Would you say that your chemistry with your receivers is growing at about according to plan?
“Yeah, for sure. For sure. That’s why it’s important for us to get together at some point between now and training camp. We’ve thrown a lot of footballs together over the last nine weeks. Whether it was phase one, phase two or in practice, those are the reps that you get. So, that’s why I said it will be good. I’ll take a week off from throwing. I won’t throw for a whole week and then I’ll get back into a routine and then I’ll meet up with those guys and then all of a sudden it’ll be training camp and I think we’ll be right where we should be.”
Is it difficult with so much rotation going on along the offensive line and how important is chemistry for you with the guy who is snapping you the ball?
“The only time I ever notice is when the center comes in because they let me know. Other than that, I’m thinking about the play, I’m thinking about what our offensive personnel group is, how many receivers we have in the game. Other than when a new center comes in, I really don’t ever notice it. I think those guys have all done a good job. Obviously, the interior guys are rotating around all over the place trying to configure the best five guys that you can get. Like I said before, there are no pads on so you can’t really put much weight on that right now. It’s kind of unfair for an offensive line when they can only do so much without really blocking people. Like I said, I really only noticed when [OL Jeremy] Zuttah or [OL Tim] Barnes, when there is a center rotation they let me know because each guy is a little bit different. I have to take the snap a little bit differently.”
Other than WR Pierre Garçon, there haven’t been a whole lot of guys right now on this team among the wide receivers who have accomplished a whole lot. Which guy or guys have stood out to you? Have any of those guys caught your eye?
“Well, I’ve been happy with all of them. That’s the other thing, I don’t really know which receiver is going to be in there at a certain time either, so you get work with all of them. I know what you’re saying. Pierre is probably the most well-known, but really, and part of the reason I knew I wanted to come here is because of Kyle’s offense. He is going to get guys open. It doesn’t matter who they are. Now, when it’s man-to-man coverage, you obviously hope you have a better guy than the defense, but when teams are playing zone the ball is going to go anywhere. It just depends on how the defense declares it and then it’s my job to get it to the right guy. I think that’s always been one of my strong suits is not zeroing in on one guy, especially against zone defenses because they are going to make you pick here, pick there. If they give you the big one then you take it, but if not, the ball should go to wherever the open guy is. Until the ball is snapped, you don’t always know where that’s going to be.”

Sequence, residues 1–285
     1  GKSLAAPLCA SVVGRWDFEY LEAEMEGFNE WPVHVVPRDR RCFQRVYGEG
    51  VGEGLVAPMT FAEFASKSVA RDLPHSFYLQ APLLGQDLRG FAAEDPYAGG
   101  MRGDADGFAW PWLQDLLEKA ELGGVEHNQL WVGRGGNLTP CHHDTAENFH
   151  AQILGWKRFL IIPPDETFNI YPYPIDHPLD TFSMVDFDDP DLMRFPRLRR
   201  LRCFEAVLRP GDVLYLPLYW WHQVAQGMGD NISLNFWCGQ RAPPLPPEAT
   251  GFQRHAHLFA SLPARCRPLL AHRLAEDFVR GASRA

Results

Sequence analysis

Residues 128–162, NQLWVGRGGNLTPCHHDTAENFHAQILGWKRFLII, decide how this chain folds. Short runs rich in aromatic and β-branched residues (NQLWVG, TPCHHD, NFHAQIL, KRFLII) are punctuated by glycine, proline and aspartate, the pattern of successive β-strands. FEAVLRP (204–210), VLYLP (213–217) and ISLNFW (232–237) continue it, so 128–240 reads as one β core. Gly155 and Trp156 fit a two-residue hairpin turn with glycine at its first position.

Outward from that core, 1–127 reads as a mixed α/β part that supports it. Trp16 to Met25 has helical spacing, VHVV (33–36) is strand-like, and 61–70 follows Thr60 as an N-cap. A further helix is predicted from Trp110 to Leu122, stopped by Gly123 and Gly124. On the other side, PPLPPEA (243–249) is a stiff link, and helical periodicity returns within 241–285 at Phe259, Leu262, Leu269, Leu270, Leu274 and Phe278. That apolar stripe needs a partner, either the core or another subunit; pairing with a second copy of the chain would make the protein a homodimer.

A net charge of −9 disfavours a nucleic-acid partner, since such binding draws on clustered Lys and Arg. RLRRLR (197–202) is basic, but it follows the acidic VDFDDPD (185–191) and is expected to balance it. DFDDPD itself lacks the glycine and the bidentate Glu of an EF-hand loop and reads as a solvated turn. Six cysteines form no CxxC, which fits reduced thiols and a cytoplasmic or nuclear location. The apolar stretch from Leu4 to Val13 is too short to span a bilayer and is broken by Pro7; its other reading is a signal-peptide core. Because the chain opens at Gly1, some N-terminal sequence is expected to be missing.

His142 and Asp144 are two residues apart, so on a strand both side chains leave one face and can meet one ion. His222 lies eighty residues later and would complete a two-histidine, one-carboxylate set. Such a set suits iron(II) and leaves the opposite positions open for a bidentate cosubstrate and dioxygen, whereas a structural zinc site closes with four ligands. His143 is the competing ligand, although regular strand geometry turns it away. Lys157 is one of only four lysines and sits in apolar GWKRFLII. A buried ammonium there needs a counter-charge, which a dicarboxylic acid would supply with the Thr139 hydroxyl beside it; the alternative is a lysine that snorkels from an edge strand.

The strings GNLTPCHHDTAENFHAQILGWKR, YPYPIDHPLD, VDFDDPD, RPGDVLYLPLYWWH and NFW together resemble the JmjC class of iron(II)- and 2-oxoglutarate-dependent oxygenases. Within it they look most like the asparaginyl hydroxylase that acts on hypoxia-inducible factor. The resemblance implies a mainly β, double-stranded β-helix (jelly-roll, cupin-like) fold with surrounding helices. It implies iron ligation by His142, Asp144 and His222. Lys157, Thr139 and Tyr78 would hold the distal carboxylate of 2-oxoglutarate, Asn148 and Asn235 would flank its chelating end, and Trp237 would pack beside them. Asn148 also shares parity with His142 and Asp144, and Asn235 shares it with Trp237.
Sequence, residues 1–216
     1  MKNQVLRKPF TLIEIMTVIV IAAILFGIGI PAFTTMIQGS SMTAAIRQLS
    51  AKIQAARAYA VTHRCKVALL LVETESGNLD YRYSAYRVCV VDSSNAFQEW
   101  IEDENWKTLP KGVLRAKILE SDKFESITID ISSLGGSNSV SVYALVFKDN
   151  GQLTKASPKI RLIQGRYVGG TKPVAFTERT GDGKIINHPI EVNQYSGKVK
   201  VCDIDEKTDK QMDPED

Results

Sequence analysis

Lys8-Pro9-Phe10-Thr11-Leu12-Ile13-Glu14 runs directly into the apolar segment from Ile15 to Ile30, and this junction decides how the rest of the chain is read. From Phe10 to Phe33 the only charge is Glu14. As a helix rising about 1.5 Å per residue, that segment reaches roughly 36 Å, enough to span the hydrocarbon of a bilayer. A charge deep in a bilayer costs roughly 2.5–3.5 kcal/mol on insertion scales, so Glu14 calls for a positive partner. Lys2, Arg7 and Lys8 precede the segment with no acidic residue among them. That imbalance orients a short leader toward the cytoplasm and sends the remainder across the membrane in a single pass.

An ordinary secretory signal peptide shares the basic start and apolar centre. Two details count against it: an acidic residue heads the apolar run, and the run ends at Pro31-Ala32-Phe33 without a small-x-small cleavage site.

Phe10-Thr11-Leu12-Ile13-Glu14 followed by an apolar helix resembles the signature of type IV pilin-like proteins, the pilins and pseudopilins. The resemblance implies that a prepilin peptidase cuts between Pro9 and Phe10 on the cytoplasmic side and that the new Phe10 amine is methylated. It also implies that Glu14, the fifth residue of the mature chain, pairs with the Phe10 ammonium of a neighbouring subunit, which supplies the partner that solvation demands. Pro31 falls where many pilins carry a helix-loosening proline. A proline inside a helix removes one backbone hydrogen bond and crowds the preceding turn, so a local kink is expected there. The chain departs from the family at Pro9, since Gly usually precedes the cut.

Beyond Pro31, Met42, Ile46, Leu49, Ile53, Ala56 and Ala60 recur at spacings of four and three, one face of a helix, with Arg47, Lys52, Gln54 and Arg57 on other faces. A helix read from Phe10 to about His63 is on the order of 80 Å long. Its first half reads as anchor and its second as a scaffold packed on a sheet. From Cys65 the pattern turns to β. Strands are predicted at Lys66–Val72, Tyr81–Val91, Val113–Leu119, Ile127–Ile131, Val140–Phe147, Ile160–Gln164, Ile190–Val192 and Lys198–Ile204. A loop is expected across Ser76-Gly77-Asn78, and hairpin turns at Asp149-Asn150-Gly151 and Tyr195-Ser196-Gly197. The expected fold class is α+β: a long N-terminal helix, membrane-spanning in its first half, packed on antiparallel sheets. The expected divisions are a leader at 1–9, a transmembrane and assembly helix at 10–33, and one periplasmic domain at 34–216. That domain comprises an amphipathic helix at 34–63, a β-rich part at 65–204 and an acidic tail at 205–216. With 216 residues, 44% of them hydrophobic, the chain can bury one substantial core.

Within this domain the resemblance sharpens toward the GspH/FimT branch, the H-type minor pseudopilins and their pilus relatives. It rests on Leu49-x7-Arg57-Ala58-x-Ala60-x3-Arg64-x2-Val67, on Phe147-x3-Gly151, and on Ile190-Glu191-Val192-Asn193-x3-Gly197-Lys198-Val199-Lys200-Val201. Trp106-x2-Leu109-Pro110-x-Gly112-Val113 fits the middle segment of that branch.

WR Trent Taylor obviously is not large and doesn’t have a large catch radius. But, can you see the qualities that allowed him to, I think he led the nation in receptions last year. How is he able to do it? What contributes to that?
“Well, I think when you talk about man-to-man coverage, he’s a guy that, if it is man-to-man, he’s probably going to win. It just depends on the route that you give him and does the defender have help somewhere. A lot of times, when we talk about man coverage, these guys, they play outside leverage or inside leverage based on where their help is. Sometimes when it’s a man pressure and you know that he’s got a two-way go, he is pretty much going to win. Like you said, the hard part is sometimes with those little guys you can’t always see them. Maybe you see like the top of their helmet or something. It’s similar to when I played with [Cleveland Browns WR] Andrew Hawkins in Cleveland, a guy who would kill anybody in one-on-ones if you got him in man coverage, but the hard part is sometimes you’ve got to find a lane to throw to him. I think, if you watch him just practice, you can tell why he had the success that he had in college, there’s no doubt.”